Our claims to our insurance company include hyena eating leather couches, hippo’s charging into game viewers, elephant walking over deck to swimming pool, elephant playing with guy ropes and pulling down guest tent and lion chasing kudu into swimming pool.
escapeto a place of miracle and wonder
Thonga Beach Lodge is uniquely set on the pristine shores of the Maputaland Coast. Part of the iSimangaliso Wetland Parl - a UNESCO World Heritage Site - Thonga is the place to discover one of Africa's last unspoilt wilderness beaches. The name "iSimangaliso" means "miracle and wonder" - an apt name for an area that is home to such a diverse and spectacular array of unique ecosystems.
About the iSimangaliso Wetland Park
The iSimangaliso Wetland Park was listed as South Africa’s first World Heritage Site in December 1999 in recognition of its status as a site of biological wealth and natural beauty.
No other place in South Africa can compete with the exceptional natural beauty and biodiversity of iSimangaliso. The 332,000-hectare park contains three major lake systems, eight interlinking ecosystems, 700-year-old fishing traditions, most of South Africa’s remaining swamp forests, Africa’s largest estuarine system and 25,000-year-old vegetated coastal dunes which are among the highest in the world.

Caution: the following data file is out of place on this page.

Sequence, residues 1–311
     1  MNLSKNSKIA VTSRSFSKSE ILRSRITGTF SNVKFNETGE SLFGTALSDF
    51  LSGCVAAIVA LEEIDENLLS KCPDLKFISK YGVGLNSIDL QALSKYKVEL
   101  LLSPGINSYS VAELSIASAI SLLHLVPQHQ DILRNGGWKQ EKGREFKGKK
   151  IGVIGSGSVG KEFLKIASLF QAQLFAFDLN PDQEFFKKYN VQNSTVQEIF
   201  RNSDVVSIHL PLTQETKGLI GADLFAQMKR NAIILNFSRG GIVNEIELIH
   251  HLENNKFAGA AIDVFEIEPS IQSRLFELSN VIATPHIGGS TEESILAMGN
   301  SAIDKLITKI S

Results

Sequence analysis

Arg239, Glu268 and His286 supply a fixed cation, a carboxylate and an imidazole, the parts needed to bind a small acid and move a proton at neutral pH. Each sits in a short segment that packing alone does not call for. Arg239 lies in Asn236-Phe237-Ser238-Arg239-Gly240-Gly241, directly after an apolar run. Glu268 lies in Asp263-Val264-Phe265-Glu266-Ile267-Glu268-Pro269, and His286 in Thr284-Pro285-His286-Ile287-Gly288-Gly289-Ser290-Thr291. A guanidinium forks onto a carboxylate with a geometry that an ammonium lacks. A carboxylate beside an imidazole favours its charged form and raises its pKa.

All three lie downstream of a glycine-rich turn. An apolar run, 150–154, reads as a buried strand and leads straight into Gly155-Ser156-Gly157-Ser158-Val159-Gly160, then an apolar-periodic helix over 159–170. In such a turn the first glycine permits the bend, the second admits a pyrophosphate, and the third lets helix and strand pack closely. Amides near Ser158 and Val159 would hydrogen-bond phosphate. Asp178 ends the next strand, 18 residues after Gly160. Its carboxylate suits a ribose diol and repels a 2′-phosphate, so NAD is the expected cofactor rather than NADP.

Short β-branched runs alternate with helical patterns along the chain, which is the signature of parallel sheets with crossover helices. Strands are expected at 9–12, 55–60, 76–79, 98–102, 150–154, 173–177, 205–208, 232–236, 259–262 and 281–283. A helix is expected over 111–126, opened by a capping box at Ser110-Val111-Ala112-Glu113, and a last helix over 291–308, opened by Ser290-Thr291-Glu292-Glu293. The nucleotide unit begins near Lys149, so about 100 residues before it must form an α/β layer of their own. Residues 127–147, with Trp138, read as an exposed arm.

A sanctuary for species great and small
The World Heritage Committee granted the Park its status after noting its exceptional biodiversity– over 526 birds, 50 amphibia, 128 reptile species, lake systems, swamps, reed and papyrus wetlands, savannah, vegetated coastal dunes and sandy beaches. The marine ecosystem has 1 039 fish species, 100 species of coral, 812 marine molluscs and huge dolphin populations. The area also boasts a large migratory pod of humpback whales that congregate en-route between Mozambique and the Cape, usually taking residence for several months between June and November. A vast numbers of albatross visit in the winter months.
The Maputaland coastline has been shaped over millennia by the strong Agulhas current, which flows down the East Coast of Africa. Seasonal winds blowing across the Mozambique channel from Madagascar rotate this massive body of water, keeping it at a comfortable 26 degrees – the perfect temperature for a fun-filled adventure.
The untouched shoreline of Lake Sibaya stretches for 100km; at 70 square kilometres, it is South Africa’s largest freshwater lake. Lake Sibaya falls within the iSimangaliso Wetland Park, and the Ramsar Convention assures its international conservation status.
The lake’s diverse flora provides a variety of habitats for birds, mammals and aquatic life. Research reveals that hundreds of years ago, the lake was connected to the sea. When the estuary closed naturally, numerous fish and aquatic creatures were trapped in a freshwater environment, creating a biological treasure chest.
Lake Sibaya contains the second largest population of hippopotamus and crocodile in KwaZulu-Natal and is an important breeding, feeding and roosting area for a host of bird species. Surface water in the surrounding coastal plain often disappears completely during dry spells, making the lake the only source of permanent water for birds and mammals.